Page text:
Finger Sleeve Sensors

I made these knitted sleeves from a conductive yarn that changes resistance as the knit is stretched.

Jenna Boyles, Kyle Werle, and Christine Shallenberg beta-tested the sensors at Pumping Station: One. They selected sleeves for fit, then stitched on the wires themselves. Kyle and Christine were able to use the sensors to control an analog synth and a processing sketch.


Knitted Finger Sensor from Jesse Seay on Vimeo.


With this project, I wanted to design a glove that could be machine-knit for workshops cheaply and quickly, making a wearable bend sensor available to people with no textile skills.

I decided to go with a modular approach (individual sleeves instead of single glove) because:

  • gloves are not easy to knit by machine
  • fit is important, as the tightness of the knit impacts the resistance. The tighter it is, the lower the resistance.
  • there is no one-size-fits-all with gloves. individuals with the same hand width might have very differently-sized digits

With a range of sleeve sizes, users can select the sleeve with the best fit and resistance range for each digit. We attach flexible silicone wires by means of a snap press, and the wearer then sews the wire in place with a tapestry needle and yarn -- very easy!  Transferring the sewing to the end-user means I can produce a batch of these more quickly for a workshop. Once the sleeve is finished, the user can use the tapestry needle to easily sew the wire leads in place along a fingerless glove.

Resistance varies by user. Everyone could reduce the resistance to less than 100 Ohms by curling up their finger. We were generally able to get a maximum resistance of at least 5k with a tight fit, to 20k or 30k for a more comfortable fit. The shorter the sleeve, the lower the highest possible resistance. Longer sleeves had much more range.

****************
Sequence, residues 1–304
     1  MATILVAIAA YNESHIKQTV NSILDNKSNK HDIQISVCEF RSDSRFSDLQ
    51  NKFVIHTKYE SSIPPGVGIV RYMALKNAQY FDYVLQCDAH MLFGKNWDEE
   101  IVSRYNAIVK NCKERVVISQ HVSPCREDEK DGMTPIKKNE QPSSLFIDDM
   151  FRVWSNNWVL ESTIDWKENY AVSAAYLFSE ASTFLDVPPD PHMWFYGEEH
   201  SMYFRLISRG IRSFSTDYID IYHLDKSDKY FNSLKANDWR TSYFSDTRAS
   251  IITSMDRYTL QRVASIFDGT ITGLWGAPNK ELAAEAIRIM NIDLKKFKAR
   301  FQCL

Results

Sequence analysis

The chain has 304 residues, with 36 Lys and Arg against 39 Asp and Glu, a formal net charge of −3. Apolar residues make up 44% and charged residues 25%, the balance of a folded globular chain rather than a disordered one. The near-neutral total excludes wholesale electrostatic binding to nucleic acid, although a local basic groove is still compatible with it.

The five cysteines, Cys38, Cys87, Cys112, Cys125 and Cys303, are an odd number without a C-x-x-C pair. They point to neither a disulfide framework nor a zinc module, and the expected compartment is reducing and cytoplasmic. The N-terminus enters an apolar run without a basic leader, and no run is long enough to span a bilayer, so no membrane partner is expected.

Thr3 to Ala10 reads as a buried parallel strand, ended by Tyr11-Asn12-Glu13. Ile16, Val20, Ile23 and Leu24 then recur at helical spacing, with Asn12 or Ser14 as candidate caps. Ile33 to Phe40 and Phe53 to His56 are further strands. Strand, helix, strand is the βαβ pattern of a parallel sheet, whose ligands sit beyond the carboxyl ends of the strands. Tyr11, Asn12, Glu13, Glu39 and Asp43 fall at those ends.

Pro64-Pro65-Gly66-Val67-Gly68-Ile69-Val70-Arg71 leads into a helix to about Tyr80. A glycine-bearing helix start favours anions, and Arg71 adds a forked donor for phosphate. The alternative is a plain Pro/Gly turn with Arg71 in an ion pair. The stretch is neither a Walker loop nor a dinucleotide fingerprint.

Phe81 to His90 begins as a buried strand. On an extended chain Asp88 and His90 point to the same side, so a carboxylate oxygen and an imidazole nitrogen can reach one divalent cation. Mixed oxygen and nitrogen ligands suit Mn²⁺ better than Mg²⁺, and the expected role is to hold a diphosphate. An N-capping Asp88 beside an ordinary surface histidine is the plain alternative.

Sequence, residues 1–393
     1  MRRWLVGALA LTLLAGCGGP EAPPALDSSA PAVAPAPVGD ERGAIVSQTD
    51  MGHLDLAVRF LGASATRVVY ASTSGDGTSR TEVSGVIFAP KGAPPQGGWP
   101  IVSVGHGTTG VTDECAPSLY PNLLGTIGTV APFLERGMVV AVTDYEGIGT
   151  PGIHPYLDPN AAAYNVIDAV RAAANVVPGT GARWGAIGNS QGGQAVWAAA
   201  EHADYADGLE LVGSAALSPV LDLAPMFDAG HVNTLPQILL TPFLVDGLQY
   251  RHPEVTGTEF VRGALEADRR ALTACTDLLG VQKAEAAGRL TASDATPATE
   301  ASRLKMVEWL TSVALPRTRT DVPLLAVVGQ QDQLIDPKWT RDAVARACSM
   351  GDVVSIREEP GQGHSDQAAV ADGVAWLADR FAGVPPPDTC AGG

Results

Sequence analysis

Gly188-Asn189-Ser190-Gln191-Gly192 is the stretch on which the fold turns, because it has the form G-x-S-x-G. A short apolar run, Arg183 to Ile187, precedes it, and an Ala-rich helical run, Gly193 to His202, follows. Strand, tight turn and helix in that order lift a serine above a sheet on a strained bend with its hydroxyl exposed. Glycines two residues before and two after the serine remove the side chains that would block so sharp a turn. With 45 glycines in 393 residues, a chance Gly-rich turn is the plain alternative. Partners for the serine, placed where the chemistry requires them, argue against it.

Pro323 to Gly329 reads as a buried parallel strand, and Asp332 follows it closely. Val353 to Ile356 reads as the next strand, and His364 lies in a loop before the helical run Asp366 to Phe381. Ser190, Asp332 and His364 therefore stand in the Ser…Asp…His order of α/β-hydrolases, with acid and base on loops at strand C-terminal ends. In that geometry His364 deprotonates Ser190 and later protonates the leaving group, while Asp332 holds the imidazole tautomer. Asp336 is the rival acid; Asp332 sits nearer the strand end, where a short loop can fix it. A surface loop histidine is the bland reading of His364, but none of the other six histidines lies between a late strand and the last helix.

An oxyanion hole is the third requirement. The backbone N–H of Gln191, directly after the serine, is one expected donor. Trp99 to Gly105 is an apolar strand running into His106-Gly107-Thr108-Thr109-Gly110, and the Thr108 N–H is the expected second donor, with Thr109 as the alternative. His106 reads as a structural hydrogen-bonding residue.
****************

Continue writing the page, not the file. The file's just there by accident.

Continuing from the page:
Wear-a-Circuit Workshop

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Circuit Patches are wearable circuit boards made from knitted yarn and wire. I'm doing a workshop Sunday using these. Check it out!

I use a knitting machine to make the patches, and add snap buttons with a snap press. Now the circuits can be attached to anything-- no sewing required.

Rapid prototyping for Wearables!

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I made these circuit patches for my upcoming workshop. Participants will receive a 3" x 5.5" knitted proto-boards in black, pink, or teal. Solder LEDs and a battery on it, and you can add lights to your clothes, just in time for Halloween.

Of course, there's lots of things beyond LEDs you could add, and I'm hoping to do workshops for interactive circuits using knitted protoboards soon.

I've made a number of circuits with this method so far, usually in black. For this workshop, we're adding some fun color: circuit-board-teal and... pink! I  couldn't resist adding 10mm gumdrop LEDs to the pink protoboard pictured above.

We'll have some of those jumbo LEDs for the workshop, but also smaller ones in blue, yellow, red, white. I've even got some color-change and flicker LEDs.

If you'd like to participate, please RSVP. Hope to see you Sunday! (Bring a shirt or a hat or a bag so you can add snaps to mount your circuit on it.)

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My new favorite machine: the snap press applies snap buttons without sewing.

Snapshots from Japan